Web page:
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This is the full text of an article in Komsomolskaya Pravda Russia's second largest newspaper in terms of circulation, with a print run of over 20 million, proposing that the country act as a mediator between Catalonia and Spain to find a solution to the current crisis affecting the "people of the Iberian peninsula":

Russia and Catalonia should synchronize their national interests

"In 2019, we’re passing through the 80th anniversary of the end of the Spanish Civil War. That violent conflict has lots of similarities with what is happening in the present day. 

Thanks to the international actors of the time, Spain's internal 1930s conflict turned into a European proxy war, to use a modern term for it. The Republicans were backed by Soviet Russia, and the Nationalists received relatively much greater support from Nazi Germany and fascist Italy.

Despite the Russian aid being extremely limited (fewer than 2000 para-military participants in the Iberian peninsula, while Berlin and Rome sent 50,000 and 150,000 troops respectively), mainstream European propaganda portrayed this conflict as Russian aggression which ostensibly needed to be opposed by Western bloc solidarity. Yet the real threat was not Moscow, but rather the rising fascist regimes which, after their experience of modern warfare in Spain, unleashed the most bloody war in human history just six months later.

The Russian society of that era considered the defeat of the Spanish Republican forces, including Catalonia's Generalitat, as our own deep tragedy. Hundreds of Spanish and Catalan orphans were evacuated and shelter found for them across the vast steppes of Soviet Russia.

Today, the Iberian peninsula is experiencing conflict between unionists and the supporters of Catalan independence. And, just as occurred 80 years ago, the propaganda claims that the Catalan independence movement and its 2017 referendum were Russian puppets. Something for which there is absolutely no evidence, except for fairy tales about brutal Russian hackers who accidentally caused the election of the wrong president in world's most powerful country, the US.

Probably, some Catalan patriots have been taken in by these ridiculous allegations, but we Russians have been facing such absurd Western propaganda, with its wilful blindness and double standards, for decades. The West recognized the independence of Kosovo (without any referendum) in 2008 — and passed over the referendum for unification of Russia and the Crimea in 2014. In the same year, the West recognised the Scottish independence referendum — and it rejected that of Donbass.

The Western reaction to the successful cases of independence (such as Kosovo, as already mentioned, or South Sudan in 2011) are the most interesting. Why did the West recognize these but neglect the simultaneous Catalan vote?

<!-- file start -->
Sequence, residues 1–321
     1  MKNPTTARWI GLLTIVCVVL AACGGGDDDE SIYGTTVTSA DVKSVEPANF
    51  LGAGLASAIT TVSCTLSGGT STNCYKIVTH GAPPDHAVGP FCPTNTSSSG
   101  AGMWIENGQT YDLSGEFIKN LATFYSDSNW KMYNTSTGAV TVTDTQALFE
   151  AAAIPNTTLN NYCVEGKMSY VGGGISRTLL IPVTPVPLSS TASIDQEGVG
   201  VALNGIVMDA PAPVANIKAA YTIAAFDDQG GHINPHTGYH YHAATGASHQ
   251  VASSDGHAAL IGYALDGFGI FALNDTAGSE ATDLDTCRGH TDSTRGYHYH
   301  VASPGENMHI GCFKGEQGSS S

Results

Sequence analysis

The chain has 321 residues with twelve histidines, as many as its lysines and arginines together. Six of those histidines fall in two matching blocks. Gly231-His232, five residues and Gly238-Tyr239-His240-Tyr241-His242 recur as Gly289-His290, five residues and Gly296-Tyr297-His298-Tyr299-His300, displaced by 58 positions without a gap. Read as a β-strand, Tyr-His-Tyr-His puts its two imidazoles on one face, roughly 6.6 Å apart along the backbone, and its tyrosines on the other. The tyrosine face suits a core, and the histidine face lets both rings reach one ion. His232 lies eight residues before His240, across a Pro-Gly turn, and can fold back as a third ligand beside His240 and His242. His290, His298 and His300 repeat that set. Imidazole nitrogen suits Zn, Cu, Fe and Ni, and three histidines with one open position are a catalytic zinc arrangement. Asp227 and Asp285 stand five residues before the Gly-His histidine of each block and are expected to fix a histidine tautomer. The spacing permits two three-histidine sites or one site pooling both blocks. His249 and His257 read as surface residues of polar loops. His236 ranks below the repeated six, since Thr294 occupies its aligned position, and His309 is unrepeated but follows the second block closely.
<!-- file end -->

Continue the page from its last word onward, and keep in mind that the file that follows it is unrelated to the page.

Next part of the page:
For me, the reason is that the West supports only those movements that are ready to become its proxies soon after gaining independence. Such as Kosovo, where Camp Bondsteel, one of the largest and most covert American military bases had been operating since the illegal NATO invasion of Yugoslavia in 1999.

But the Catalans, as an ancient and highly developed nation, will not be anyone’s puppets. Just imagine a US military base in Catalonia. You can't? There, that’s the explanation of the free world passing over the latest Catalan independence movement.

In any case, despite having being subdued with "a little" force, the Catalan independence movement is alive. So is the conflict in the Iberian peninsula (because numerous Catalans and most Spaniards are unionists whose interests should also matter).

Now or in the future, this problem must be solved — and may the solution be non-violent and democratic.

Among global actors, there is only one country providing stability rather than political or economic slavery. That’s my country, Russia. Through Russian negotiation, a peace process and inclusive dialogue has finally begun in Syria, where Moscow has managed to bring to the table some very different interests, from the Syrian democratic opposition, to the Kurds and Assad's forces.

Russians and Catalans have nothing that divides them, and a lot in common. The same applies to Spain which is the only great European country that has never had a war with Russia.

Therefore, should there be a request from the people of the Iberian peninsula, Moscow will be ready to provide its multifaceted assistance once again, aimed at maintaining stability in our common European home."

Edvard Chesnokov, deputy international editor, Komsomolskaya Pravda 

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